As expected, the FIA’s World Motor Sport Council has adopted F1’s 2021 technical, sporting and financial regulations, paving the way for perhaps the most significant evolution in the history of Grand Prix racing.
After more than two years of gestation, discussions, debate and an equal dose of controversy, Formula 1 has chosen its future direction.
“The unanimous approval of the rules by the World Motor Sports Council is a watershed moment and will allow us to deliver more wheel-to-wheel racing for all our fans,” said F1’s CEO Chase Carey.
Formula 1’s future technical regulations, thoroughly researched and designed by F1’s internal team of specialists, are destined first and foremost to increase the competition on the track by allowing drivers to race each other more closely and facilitate overtaking.
To achieve the goal of closer racing, F1’s chiefs have gone down the road of a simplification of aerodynamics, with the bulk of the aero generated from beneath the car rather than form wings and various appendices.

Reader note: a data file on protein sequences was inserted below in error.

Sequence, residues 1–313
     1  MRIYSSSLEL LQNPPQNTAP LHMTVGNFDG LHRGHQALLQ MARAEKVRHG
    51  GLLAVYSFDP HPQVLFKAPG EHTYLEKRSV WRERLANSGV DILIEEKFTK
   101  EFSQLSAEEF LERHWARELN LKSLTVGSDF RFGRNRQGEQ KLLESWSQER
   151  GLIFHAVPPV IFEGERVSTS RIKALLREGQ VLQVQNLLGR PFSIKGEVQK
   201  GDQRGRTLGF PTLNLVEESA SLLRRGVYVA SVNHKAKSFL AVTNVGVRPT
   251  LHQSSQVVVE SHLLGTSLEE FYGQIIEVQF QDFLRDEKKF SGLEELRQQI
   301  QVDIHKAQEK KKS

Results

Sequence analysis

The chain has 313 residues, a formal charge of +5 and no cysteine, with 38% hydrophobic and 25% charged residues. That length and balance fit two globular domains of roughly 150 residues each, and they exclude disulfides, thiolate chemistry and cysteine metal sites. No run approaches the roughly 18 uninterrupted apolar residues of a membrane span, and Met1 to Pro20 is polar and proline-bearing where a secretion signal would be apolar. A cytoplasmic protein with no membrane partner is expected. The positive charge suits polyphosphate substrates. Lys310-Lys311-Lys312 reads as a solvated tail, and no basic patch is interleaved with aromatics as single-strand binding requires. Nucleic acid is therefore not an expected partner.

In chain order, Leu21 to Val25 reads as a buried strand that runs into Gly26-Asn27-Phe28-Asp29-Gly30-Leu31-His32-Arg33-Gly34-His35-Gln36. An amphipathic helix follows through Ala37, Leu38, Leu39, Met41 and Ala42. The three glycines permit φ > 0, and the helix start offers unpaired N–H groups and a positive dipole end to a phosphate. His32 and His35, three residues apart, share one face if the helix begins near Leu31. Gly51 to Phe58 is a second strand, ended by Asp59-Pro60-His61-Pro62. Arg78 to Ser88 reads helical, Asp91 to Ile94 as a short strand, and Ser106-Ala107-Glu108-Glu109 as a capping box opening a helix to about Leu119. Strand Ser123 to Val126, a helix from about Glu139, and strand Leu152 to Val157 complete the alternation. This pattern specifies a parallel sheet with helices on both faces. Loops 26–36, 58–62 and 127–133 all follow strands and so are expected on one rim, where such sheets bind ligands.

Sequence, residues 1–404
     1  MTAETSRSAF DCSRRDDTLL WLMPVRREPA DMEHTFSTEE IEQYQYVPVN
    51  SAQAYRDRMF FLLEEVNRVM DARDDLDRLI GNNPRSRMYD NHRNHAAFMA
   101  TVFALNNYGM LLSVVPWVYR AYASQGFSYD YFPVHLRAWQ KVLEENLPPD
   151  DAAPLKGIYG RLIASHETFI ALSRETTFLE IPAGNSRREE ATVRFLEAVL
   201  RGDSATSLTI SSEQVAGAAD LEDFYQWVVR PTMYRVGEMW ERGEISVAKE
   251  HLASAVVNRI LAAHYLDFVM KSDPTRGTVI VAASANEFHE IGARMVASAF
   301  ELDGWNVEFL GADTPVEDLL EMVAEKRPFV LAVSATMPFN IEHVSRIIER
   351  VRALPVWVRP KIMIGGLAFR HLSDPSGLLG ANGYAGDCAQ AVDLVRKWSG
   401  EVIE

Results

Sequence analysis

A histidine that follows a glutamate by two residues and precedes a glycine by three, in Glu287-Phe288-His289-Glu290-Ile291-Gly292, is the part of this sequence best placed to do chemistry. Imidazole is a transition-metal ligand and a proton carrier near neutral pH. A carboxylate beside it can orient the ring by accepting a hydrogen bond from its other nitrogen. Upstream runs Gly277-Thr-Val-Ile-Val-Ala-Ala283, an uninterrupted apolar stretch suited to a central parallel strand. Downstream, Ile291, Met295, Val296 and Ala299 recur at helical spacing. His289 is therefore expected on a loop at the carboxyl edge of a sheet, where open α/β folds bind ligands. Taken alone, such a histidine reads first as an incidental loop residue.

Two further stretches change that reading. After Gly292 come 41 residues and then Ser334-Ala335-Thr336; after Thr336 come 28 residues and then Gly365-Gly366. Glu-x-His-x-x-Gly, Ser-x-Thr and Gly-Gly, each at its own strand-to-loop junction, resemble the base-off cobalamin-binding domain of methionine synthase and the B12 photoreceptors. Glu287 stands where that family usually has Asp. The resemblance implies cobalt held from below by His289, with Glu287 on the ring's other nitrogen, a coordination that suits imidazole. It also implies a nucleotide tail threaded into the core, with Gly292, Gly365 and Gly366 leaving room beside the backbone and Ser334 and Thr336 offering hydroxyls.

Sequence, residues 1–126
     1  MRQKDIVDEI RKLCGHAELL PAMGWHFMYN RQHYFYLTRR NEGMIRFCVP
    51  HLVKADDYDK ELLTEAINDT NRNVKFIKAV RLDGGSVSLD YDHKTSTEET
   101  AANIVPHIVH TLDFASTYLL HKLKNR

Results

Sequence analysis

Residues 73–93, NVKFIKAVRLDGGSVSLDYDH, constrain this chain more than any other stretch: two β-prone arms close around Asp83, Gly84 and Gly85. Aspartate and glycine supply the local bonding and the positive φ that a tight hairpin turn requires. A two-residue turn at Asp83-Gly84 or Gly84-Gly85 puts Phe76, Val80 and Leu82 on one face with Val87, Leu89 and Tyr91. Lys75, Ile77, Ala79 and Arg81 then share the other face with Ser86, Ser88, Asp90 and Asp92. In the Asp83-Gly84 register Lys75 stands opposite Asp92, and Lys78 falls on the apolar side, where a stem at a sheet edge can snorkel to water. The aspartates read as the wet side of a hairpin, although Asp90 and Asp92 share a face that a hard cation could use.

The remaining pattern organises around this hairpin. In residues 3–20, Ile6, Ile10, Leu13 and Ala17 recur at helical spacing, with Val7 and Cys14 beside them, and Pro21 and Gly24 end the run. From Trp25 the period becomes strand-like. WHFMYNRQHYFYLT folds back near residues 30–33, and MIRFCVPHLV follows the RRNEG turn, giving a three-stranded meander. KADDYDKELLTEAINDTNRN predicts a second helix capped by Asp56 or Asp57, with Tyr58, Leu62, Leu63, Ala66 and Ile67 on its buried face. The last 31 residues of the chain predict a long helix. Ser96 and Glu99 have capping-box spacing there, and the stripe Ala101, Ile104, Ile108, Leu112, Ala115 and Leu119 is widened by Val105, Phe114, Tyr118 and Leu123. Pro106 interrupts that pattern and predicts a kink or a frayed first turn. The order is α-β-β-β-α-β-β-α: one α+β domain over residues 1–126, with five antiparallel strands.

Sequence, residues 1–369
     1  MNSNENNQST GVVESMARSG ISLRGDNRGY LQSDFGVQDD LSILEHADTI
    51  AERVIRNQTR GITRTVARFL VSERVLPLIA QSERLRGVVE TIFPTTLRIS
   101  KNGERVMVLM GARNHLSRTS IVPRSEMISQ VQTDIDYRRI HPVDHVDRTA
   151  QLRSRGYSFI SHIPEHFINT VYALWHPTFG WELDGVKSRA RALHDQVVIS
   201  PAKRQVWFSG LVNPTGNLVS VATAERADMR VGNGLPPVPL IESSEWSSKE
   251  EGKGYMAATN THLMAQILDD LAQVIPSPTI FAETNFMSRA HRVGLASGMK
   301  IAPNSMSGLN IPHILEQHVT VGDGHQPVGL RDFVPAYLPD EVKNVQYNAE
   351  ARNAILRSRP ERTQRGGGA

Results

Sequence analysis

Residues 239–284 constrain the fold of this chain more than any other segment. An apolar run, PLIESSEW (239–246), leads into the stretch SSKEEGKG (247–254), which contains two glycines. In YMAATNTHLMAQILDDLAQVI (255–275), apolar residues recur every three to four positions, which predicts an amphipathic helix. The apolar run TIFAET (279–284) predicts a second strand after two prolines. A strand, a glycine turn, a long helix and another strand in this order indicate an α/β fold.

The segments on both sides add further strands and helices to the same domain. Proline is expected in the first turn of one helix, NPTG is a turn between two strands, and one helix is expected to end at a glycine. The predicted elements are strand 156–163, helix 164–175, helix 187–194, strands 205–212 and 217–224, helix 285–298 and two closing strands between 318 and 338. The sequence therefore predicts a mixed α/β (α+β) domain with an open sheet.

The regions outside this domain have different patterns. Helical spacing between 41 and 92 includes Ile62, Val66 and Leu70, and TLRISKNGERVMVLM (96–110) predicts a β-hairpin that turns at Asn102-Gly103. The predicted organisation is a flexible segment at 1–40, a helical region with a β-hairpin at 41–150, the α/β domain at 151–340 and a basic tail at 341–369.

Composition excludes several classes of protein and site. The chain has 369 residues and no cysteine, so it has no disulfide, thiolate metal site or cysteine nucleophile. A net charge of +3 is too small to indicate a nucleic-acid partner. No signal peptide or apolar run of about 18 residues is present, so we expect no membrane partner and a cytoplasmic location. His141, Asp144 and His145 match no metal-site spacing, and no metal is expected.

Limited scope with regard to design coupled with the introduction of a $175 million cost cap will hopefully narrow the gap between the sport’s front-runners and the midfield teams.
Formula 1 will also introduce 18-inch wheels in 2021, but on the power unit front, changes will only be minimal, contrary to the quest for simplification that was initially expected at the outset of the regulation overhaul.
Formula 1 has underlined the fact that the 2021 regulations “will be married to a new governance and profit-sharing structure”, with negotiations still ongoing between the sport’s bosses and the teams.
“It is a major change in how the pinnacle of motor sports will be run, and for the first time, we have addressed the technical, sporting and financial aspects all at once,” said FIA president Todt.
“The 2021 regulations have been a truly collaborative effort, and I believe this to be a great achievement.”